Burma opposition relies on radio

As “election” approaches in military-rule Burma, human rights groups distribute radios to rural voters.

Getting accurate information to voters isn’t easy, as the country’s press is heavily censored by the military  [AFP]

As military-ruled Burma heads towards its first general election in two decades in November, its citizens are tuning in to their enduring faith in the old communication order – the power of the radio.

The key role that radio plays – more than newer communication platforms like Facebook and Twitter – is at the heart of an Amnesty International campaign that has been seeking to “break the silence” in the South-east Asian nation.

By polling day on November 7, London-based Amnesty International hopes to have distributed over 4,000 radio sets to people living in a country under the iron grip of a military regime.

“Amnesty International just wants people in Burma to hear the truth,” said Niall Couper of the British branch of Amnesty. ” It is the first time we have done a campaign like this.”

Amnesty International’s supply of radios, in addition to 60 walkie-talkie kits and six satellite kits, is being directed towards people living in the hinterland where “there aren’t that many radios”, Couper said. But details such as the brand of the radio units and how they are being delivered are being kept a closely guarded secret because of “security reasons”.

Media access

This faith in a traditional medium is echoed by Burmese pro-democracy activists familiar with its dominance as an information source in the country’s media landscape. A flourishing border trade with China has been a driver behind the supply of cheap Chinese-made radios across the country.

“Radio is a very powerful tool to open the iron curtain of a closed-door society like Burma,” said Aung Din, head of US Campaign for Burma, a Washington DC-based lobby group. “It is also a major threat to the regime, effectively undermining its ability to control the flow of information in the media.”

Regular radio broadcasts have been pivotal to keep the people informed about the “2008 constitution, electoral laws, election campaigns and the illegal campaigns of the regime’s party,” Aung Din said. “They have also broadcast voices of NLD (National League for Democracy) leaders and ethnic party leaders who have been calling the people to boycott the poll.”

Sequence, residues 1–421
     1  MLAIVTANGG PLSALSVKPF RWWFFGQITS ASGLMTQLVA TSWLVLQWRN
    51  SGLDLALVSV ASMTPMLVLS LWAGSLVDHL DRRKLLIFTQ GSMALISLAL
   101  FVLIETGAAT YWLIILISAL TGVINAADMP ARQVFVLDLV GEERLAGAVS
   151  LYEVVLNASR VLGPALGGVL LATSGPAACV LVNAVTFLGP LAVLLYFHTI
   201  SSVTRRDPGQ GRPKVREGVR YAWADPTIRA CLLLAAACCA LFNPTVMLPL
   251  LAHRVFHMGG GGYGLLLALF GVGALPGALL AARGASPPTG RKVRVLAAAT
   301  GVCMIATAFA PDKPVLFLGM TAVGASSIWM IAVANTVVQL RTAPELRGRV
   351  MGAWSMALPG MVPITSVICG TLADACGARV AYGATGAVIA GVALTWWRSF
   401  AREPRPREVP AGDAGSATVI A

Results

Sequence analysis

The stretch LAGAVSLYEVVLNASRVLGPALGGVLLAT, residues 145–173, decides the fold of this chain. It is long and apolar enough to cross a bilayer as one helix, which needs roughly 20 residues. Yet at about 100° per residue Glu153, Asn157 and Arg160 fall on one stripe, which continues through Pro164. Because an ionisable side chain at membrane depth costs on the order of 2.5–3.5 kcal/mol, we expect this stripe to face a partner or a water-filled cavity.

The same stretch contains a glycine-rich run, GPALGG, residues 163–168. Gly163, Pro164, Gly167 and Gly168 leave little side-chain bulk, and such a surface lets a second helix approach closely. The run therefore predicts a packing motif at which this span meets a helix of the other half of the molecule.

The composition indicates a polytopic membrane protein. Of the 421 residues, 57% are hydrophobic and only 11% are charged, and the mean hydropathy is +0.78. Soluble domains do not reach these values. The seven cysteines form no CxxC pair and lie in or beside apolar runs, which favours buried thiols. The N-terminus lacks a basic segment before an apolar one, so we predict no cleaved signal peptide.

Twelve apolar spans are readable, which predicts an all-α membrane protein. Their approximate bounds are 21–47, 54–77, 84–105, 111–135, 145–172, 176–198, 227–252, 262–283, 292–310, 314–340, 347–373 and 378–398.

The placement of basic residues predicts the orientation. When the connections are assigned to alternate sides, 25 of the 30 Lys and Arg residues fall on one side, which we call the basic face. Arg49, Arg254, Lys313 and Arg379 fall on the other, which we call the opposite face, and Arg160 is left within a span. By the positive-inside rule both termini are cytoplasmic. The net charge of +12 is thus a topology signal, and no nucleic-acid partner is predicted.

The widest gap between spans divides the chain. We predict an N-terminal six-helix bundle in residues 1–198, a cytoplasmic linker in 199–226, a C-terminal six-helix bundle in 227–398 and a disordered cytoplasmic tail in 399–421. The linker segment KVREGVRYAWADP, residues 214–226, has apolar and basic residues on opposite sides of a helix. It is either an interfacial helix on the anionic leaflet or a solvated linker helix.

The NLD, headed by pro-democracy icon Aung San Suu Kyi, was disbanded in mid-September after it refused to re-register as a political party contesting the coming poll.

The NLD won the last general election in 1990 with a thumping majority, but the military leaders refused to recognise the results and denied the elected civilian government the opportunity to replace successive military regimes that had been in power since a 1962 coup.

Expat press

The two decades since the last poll have also seen a shift in the media outlets that dominate the airwaves. The Burmese language services of the British Broadcasting Corp and Voice of America, which held sway during the 1990 poll, now have stiff competition from the Democratic Voice of Burma (DVB), an Oslo-based broadcaster run by Burmese journalists in exile.

“Various kinds of election programmes are being produced and aired by DVB radio,” said Khin Maung Win, deputy executive director of the station. “Programme themes range from … criterion of a democratic general election in other countries to (the) undemocratic nature of elections in Burma.”

“DVB itself is not taking any sides editorially, either pro- or against elections,” he said in an e-mail interview. “While we broadcast pro-election campaigns and preparation for elections, we also broadcast voices of those against the elections.”

It has not been an easy journey for this radio station, set up by exiles in 1992, to offer news, analysis and commentary to counter the propaganda machine of the regime.

Burma’s jails have an estimated 2,190 political prisoners, of whom 17 are DVB journalists. Hla Hla Win, who received a 20-year sentence in January, is among them. Her crime: violating the draconian Electronic Act, which bans the unauthorised use of electronic media.

‘No space’ for freedom

The junta’s oppressive record is also confirmed in this week’s release of the ‘2010 Press Freedom Index’ by Reporters Without Borders, the global media freedom watchdog. Burma was placed among the five worst abusers of media freedom, ranked 174th out of a list of 178 countries, according to the Paris-based watchdog.

“Freedom is not allowed any space in Burma, where a parliamentary election is due to be held next month, and the rare attempts to provide news or information are met with imprisonment and forced labour,” the annual report revealed.

A Burmese political analyst inside the country expects the junta to suppress reportage around the election as it did in September 2007, when Buddhist monks led a peaceful anti-government protest that was crushed, and in May 2008, when the powerful Cyclone Nargis tore through the south- western delta and killed over 140,000 people.

“They have already announced that foreign journalists would not get visas, so they want this election to be held under a cloud of secrecy,” the Rangoon-based analyst said on condition of anonymity.

But this seems to be just the challenge that the likes of DVB are preparing for – to assert the power of radio against the junta’s propaganda and censorship on polling day.

“We anticipate there would be obvious and unknown threats from the government to supporters of opposition parties and candidates. And there will be cheating in many places,” said Khin Maung Win. “We will try to document and report all about these.”

This article first appeared on the Inter Press Service News Agency.

Source : IPS


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